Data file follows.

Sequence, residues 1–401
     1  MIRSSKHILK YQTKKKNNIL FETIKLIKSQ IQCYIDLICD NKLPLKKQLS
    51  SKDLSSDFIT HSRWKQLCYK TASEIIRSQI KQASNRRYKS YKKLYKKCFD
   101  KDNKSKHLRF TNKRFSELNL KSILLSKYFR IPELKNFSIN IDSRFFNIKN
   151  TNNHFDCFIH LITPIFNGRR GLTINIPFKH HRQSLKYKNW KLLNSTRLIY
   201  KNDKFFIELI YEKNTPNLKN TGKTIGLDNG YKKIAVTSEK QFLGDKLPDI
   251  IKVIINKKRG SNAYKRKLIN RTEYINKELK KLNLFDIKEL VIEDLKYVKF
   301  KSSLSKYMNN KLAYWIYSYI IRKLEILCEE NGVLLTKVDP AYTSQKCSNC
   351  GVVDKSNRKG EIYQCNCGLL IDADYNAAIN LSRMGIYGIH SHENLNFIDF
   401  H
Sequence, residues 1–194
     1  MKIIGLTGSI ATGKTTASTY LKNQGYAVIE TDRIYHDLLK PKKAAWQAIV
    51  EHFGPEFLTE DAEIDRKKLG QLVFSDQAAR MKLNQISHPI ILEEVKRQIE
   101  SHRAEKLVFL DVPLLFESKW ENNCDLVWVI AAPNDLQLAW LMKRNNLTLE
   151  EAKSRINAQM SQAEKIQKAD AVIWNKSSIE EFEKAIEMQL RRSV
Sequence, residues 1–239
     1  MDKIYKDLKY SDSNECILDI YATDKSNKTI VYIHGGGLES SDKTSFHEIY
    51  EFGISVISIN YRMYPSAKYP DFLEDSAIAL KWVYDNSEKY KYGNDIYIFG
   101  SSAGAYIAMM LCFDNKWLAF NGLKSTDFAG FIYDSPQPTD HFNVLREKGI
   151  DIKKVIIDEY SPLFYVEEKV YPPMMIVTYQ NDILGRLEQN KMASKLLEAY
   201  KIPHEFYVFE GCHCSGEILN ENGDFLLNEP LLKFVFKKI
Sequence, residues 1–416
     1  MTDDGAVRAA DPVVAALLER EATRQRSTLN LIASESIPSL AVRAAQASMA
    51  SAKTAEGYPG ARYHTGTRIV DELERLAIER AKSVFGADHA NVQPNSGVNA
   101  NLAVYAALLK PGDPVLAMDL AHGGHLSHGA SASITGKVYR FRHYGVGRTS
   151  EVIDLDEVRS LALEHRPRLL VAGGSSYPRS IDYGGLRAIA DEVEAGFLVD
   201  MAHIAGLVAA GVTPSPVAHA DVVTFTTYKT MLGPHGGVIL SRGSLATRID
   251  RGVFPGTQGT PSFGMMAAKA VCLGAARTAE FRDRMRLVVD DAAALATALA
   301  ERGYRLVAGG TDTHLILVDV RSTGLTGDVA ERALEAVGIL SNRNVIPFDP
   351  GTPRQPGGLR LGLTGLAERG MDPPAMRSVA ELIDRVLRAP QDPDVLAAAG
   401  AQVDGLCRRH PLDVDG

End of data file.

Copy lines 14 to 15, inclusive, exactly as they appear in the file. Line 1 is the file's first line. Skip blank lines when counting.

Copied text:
   101  SHRAEKLVFL DVPLLFESKW ENNCDLVWVI AAPNDLQLAW LMKRNNLTLE
   151  EAKSRINAQM SQAEKIQKAD AVIWNKSSIE EFEKAIEMQL RRSV